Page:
In an effort to review reasons why animals are relinquished to shelters, PetHealth Inc. conducted a study based on data collected from close to 800 animal welfare organizations and approximately 1.4 million dogs and cats brought through the organizations’ doors.
Officials created a list of 30 reasons pets were turned over to shelters. Each of the 30 reasons was further separated into two categories – owner-specific reasons and pet-specific reasons. For example, owner-related reasons for relinquishing an animal include moving, allergies, or home owner insurance policy restrictions. Pet-related reasons include animal health, demonstrated aggression, or hyperactivity.
Animals who were returned to the shelter after being initially adopted were analyzed separately – classified as a “return” animal rather than a “surrender” animal, and those statistics were compiled separately.
The study showed that 86 percent of the surrendered animals were turned over due to owner-specific reasons – not a single reason deemed pet-specific cracked the top 10.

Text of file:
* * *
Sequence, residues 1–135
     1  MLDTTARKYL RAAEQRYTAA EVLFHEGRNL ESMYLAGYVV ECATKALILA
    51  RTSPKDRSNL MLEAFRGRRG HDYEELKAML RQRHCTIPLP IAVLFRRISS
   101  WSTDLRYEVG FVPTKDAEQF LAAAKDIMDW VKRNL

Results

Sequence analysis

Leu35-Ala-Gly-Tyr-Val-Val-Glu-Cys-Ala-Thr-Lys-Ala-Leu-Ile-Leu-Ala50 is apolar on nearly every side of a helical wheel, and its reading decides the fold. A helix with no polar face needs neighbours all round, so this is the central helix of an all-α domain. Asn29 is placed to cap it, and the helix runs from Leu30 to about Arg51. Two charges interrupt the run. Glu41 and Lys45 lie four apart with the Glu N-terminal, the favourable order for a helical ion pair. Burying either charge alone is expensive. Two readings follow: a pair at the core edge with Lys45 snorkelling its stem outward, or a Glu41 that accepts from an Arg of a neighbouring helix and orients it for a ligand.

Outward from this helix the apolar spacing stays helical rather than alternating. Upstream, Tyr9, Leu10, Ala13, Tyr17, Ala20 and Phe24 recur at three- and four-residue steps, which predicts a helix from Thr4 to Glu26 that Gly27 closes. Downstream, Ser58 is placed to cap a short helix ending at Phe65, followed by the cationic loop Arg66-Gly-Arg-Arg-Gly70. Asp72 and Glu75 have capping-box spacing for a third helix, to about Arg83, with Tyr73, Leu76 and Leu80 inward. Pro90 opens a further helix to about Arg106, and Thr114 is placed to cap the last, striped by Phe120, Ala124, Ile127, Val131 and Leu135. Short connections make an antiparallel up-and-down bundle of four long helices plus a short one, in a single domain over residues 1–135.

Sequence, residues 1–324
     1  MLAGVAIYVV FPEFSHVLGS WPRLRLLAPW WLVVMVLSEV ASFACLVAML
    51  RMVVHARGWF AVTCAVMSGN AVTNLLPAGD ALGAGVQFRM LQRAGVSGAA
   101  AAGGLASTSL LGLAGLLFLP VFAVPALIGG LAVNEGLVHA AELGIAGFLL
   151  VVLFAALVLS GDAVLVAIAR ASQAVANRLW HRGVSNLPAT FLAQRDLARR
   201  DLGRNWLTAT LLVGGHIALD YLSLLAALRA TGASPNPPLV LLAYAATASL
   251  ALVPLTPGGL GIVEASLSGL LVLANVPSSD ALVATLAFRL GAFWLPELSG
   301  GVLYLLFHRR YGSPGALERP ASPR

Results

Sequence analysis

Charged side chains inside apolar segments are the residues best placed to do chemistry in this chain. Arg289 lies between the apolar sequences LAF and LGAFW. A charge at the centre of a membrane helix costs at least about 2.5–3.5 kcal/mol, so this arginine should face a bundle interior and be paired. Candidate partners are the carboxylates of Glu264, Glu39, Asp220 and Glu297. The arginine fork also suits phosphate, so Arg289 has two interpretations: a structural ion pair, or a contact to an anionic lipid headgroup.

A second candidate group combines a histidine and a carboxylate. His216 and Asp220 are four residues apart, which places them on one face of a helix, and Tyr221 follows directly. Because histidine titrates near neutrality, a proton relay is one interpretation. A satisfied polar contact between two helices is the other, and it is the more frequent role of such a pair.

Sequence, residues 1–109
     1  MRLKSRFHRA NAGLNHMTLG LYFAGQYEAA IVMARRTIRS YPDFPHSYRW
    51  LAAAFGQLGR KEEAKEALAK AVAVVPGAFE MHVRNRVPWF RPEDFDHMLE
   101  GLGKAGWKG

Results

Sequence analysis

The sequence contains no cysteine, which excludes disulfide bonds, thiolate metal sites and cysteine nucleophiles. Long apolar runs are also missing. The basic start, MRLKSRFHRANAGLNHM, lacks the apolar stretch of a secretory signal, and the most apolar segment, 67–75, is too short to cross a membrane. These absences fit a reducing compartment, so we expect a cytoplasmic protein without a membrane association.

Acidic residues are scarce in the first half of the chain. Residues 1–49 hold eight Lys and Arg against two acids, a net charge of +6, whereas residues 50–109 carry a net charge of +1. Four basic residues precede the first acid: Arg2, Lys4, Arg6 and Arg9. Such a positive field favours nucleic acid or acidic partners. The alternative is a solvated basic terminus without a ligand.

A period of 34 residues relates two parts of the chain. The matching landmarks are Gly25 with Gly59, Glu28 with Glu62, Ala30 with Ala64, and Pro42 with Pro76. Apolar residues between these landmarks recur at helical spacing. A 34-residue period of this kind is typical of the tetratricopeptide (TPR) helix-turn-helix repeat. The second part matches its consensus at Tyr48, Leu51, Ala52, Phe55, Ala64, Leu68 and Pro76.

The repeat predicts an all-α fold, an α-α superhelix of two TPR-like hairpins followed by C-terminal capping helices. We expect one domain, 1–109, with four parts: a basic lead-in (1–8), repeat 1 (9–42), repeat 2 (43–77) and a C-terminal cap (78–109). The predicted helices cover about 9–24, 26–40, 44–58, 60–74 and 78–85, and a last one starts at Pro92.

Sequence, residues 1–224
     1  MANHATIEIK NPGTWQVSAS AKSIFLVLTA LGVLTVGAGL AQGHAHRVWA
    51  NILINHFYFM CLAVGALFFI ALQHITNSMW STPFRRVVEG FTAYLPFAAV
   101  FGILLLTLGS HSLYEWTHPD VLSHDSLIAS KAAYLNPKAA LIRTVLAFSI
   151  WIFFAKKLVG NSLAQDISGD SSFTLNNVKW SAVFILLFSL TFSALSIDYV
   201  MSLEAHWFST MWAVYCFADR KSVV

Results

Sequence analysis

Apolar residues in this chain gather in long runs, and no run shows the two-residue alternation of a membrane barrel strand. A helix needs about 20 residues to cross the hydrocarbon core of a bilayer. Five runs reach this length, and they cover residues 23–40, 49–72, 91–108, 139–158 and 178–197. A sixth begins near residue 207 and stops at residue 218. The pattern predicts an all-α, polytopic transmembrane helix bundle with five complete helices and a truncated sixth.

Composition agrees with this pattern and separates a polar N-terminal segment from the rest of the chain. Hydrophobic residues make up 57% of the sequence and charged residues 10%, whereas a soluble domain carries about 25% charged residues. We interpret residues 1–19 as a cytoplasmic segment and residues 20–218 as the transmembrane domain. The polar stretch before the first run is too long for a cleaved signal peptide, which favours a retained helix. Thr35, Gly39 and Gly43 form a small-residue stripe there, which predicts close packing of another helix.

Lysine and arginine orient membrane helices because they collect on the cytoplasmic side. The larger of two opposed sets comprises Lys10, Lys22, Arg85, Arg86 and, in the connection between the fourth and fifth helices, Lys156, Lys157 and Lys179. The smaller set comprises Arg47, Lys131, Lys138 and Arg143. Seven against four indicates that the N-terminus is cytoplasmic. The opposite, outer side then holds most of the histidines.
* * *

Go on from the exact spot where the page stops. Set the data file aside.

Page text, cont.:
The Top 10 reasons reported for surrender were:
- Too many pets (18 percent)
- Unwanted/Incompatible (10 percent)
- Moving/Deployed (10 percent)
- Stray/Found/Abandoned (8 percent)
- Inability to care for (8 percent)
- Financial/Home insurance policy restrictions (6 percent)
- Euthanasia request (5 percent)
- Other/Unclear reason (4 percent)
- Unwanted litter/Pregnant female (4 percent)
- Allergic to animal (4 percent)
For animals who were brought back to the shelter after an adoption, results were mixed. Pet-specific reasons were more common and included behavioral, barking, or training issues (9 percent), problems with family pets (8 percent), animal health or age (8 percent) and aggression towards humans (4 percent).
However, the survey showed that the most common reasons, including returned animals, were owner-specific. “Unwanted/incompatible” was the most common reason given at 12 percent and the inability to care for the animal came in second at 11 percent.
PetHealth Inc. works with animal welfare organizations to reduce operating costs in an effort to benefit pets and pet owners. The results of the study were published in PetPoint Journal #7, which was distributed in November. The electronic journal is published bi-weekly by PetHealth Inc., and distributed to animal welfare organizations.